For anyone who wasn't aware, the Patriot sponsored Robert Spencer as a guest speaker at Stony Brook University earlier this week. Overall, I enjoyed the speech and the controversy and debate it sparked, especially in the Q&A session. I'm not going to get into that here, though, because I'm sure the event will be covered in great detail in the November Patriot issue, as well as other student media publications such as the Statesman and Press.
What I want to respond to here is a specific point that Spencer brought up in his talk which I found objectionable after the fact, though unfortunately I didn't think of it at the time and so didn't have the opportunity to challenge him on directly.
Spencer, who is of course famous for his book "Stealth Jihad" makes the point that the leaders of extremist Islam are trying to covertly bring Sharia law into the country. He brought up examples in which the leaders try to implement rules of Sharia under the guise of religious tolerance.
He specifically cited an incident that occurred in St. Paul, Minnesota that sparked controversy. The Muslim (mainly Somali) taxi drivers, at the instigation of their religious leaders, decided that they no longer wanted to carry passengers with alcohol on their person; this violates a passage from Islamic law. As a result, many taxicab drivers began refusing to take on passengers.
A possible solution, which was considered and discarded, was marking the cars that followed Sharia law so people carrying alcohol knew not to take those cabs. This solution was rejected primarily by the taxi companies and the reasons were, of course, economic.
Spencer objected to letting the Muslim taxi drivers get their way on the basis of civil rights. In a way, I understand his point. We tried the whole "separate but equal" thing and the result was a human rights disaster.
However, in the specific case of taxi drivers trying to follow a detail of their religion that they had previously, and most still, ignore, never, I think, in a million years would this escalate into a larger scale adoption of Sharia law in this country. The economics of the thing simply wouldn't allow it.
This is because the group that would have been the happiest about the marking of Sharia cars would have been the non-Muslim cab drivers. It would have meant less competition from their Muslim counterparts, more customers per cabby and so more fairs. The St. Paul airport's concern about increased lines, waiting times and customer frustration was unfounded, at least in the long term. Any entrepreneur exiting the airport would have seen those lines and realized that there's money to be made in the St. Paul taxicab business.
What Spencer perhaps doesn't get, is that market competition would more than make up for the lost cabbies. Taxis aren't some monopolistic government venture; imagine if some entrepreneur would have created a bus line where an individual's race was ignored during the 1960s. Such a business would have prospered from the patronage of the South's black community, especially if they could innovate technologically as well. Racial or religious intolerance doesn't last long when its not institutionalized because there will always be someone who can benefit from an 'integrated' market. In modern day St. Paul, where theoretically anybody can start a taxicab company, no cab driver would adopt a policy that costs them customers, despite religious beliefs.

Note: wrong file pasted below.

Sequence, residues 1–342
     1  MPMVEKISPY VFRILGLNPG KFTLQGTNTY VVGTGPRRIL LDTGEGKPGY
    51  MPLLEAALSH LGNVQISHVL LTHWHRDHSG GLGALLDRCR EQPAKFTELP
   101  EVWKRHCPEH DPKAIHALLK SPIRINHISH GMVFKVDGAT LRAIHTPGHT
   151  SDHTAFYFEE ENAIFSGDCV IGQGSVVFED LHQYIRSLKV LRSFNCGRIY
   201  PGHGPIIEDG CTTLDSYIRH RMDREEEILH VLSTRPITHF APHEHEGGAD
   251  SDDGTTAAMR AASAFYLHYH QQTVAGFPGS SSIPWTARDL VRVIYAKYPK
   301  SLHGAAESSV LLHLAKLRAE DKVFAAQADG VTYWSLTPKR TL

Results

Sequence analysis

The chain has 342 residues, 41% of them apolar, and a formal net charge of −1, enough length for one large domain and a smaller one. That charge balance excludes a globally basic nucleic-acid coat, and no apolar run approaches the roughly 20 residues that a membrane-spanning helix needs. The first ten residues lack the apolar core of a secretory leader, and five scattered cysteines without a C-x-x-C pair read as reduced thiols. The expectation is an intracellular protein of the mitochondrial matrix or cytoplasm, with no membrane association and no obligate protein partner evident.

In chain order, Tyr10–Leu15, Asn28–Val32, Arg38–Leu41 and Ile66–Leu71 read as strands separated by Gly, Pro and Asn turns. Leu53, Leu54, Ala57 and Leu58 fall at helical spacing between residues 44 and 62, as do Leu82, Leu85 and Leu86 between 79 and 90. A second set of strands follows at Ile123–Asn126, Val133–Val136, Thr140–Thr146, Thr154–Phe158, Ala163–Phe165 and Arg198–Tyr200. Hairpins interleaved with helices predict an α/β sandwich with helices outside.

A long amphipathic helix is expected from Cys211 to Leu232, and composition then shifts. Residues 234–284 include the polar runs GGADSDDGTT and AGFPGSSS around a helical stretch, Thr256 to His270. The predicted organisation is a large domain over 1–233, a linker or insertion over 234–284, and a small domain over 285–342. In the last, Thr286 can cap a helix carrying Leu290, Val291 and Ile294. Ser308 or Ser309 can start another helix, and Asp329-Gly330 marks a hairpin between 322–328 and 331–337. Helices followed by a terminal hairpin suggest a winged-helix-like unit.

The Muslim cab drivers would have quickly realized that, by listening to their religious leaders, its costing them in their pockets. Perhaps in Europe, this would cause a riot or two, governments would be forced to compensate cab drivers for the lost fair and sparked a "re-education" initiative to convince Europeans to realize the error of not understanding religious tolerance.
However, this would not happen in America. Capitalism and the spirit of self empowerment for advancement is not quite dead yet. Any person living in this country can make sacrifices for the sake of their religion, but nobody can make others pay for those sacrifices. I that that even the left realizes, to some extent, that if you expect to succeed in this country, you have to do it for yourself. No government is going to make you rich.
Muslim immigrants should understand this as well as any natural born citizen. They know as well as anyone what it takes to get ahead. This is why they're working as cab drivers in the first place. It's probably to save up enough money to send their kids to American universities so that their children can have a better life than they do. No cabbie would give up that American dream for some archaic rule that many religious Muslims don't have a problem with (this issue hasn't come up in any other Western city that I'm aware of).
The point is, that Robert Spencer can be worried about Muslim leaders trying to implement Sharia law in the west. But, as long as the capitalist spirit of competition lives on, the people who one would expect to most readily adopt Sharia law will reject it in favor of the higher standard living they came here for.
This, of course, makes it extra important for America to protect the open nature of its markets. As long as entrepreneurs are free to enter the market, we have nothing to fear from religious extremism taking root at home.